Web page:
August 2, 2009

Next Target Is Your Water Footprint

London Times
September 13, 2009

Environmentally conscious consumers already fret about how to cut their carbon emissions. Now Whitehall officials plan to urge the public to reduce the amount of water they use because of worries about the West sucking up supplies from some of the world’s driest countries.

The government has commissioned research to audit everyday items from a morning cup of coffee to a bag of carrots according to the volume of water used in their production. Eventually products could be labelled with this number.

The Department for Environment, Food and Rural Affairs (Defra), which has set up a water footprint steering group, wants to broaden public awareness of climate change to include water supplies.

Defra believes consumption could be cut if shoppers were aware of how much is used to produce common items. A takeaway latte, according to figures already gathered by officials, requires 200 litres (44 gallons) to grow the coffee beans, transport them and serve the coffee in the cup. It takes another 2.5 litres to make the plastic lid for a takeaway latte. A cotton T-shirt with a slogan on the front uses an estimated 4,000 litres.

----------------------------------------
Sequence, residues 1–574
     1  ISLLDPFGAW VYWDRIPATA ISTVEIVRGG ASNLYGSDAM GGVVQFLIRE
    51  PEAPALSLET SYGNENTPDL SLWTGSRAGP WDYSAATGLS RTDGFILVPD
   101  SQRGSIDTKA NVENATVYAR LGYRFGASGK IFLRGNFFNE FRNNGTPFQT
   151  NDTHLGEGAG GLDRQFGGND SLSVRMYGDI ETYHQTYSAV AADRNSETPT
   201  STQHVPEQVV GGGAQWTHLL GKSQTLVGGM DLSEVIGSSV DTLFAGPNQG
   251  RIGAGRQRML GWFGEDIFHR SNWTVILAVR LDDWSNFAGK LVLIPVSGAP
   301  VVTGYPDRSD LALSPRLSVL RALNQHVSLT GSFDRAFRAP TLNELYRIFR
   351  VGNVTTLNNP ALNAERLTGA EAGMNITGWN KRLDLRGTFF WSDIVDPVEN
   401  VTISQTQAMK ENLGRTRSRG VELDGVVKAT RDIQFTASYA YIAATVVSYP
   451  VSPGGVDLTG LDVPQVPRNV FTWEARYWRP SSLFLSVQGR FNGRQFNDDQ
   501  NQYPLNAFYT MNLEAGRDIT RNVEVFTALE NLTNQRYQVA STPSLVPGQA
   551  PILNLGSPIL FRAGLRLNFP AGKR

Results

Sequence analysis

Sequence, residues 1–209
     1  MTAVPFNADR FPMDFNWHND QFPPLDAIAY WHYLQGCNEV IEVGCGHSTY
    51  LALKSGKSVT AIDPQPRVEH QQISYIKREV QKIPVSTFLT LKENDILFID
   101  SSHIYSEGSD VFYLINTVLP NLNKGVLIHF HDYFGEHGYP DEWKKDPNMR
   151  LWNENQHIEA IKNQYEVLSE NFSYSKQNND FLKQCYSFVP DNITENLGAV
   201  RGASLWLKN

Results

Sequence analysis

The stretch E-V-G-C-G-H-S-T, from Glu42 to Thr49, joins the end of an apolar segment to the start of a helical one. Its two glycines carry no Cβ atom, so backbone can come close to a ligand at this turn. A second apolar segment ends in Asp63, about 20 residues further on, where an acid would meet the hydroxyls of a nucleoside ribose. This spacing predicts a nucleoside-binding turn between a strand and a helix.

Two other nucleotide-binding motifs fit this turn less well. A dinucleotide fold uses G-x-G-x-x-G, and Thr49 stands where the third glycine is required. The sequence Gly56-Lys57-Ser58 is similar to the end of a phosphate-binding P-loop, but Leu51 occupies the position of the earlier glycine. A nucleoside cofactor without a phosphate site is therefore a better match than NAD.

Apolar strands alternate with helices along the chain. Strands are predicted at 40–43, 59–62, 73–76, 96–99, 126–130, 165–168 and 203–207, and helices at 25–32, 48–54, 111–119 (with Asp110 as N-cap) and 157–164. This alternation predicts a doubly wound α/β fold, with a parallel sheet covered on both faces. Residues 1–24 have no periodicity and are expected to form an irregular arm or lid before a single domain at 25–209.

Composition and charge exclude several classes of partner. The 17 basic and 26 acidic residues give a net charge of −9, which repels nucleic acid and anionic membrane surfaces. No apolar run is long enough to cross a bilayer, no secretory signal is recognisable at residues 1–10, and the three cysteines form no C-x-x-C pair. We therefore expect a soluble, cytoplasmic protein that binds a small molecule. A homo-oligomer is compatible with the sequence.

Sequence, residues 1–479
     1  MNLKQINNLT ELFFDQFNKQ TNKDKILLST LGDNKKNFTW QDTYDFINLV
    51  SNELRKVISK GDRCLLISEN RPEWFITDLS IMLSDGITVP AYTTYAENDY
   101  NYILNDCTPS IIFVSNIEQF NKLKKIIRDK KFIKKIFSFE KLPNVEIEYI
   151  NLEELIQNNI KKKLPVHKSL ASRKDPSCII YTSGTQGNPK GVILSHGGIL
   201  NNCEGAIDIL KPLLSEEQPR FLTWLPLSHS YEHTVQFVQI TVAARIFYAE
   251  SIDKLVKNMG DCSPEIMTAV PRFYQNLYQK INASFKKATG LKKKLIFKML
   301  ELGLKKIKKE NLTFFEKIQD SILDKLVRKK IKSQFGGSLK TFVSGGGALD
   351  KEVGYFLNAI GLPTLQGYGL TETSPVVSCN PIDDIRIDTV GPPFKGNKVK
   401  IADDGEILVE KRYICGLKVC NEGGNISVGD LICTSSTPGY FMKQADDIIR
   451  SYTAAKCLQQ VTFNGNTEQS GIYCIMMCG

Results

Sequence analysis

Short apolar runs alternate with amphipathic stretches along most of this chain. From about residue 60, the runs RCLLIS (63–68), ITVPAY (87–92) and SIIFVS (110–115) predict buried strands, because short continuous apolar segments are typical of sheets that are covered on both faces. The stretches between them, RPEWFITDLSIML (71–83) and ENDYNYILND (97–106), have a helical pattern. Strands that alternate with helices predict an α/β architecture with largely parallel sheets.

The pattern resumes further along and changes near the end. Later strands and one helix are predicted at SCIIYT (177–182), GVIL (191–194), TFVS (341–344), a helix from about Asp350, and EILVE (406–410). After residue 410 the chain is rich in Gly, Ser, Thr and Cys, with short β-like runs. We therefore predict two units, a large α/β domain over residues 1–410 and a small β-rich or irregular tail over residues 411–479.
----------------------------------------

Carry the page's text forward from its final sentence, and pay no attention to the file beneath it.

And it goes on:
The new research will assess items both for how much water they use and for the impact on the country where they are produced. This could mean, for example, that a product imported from a dry country would be rated worse than one from a place where water was plentiful...

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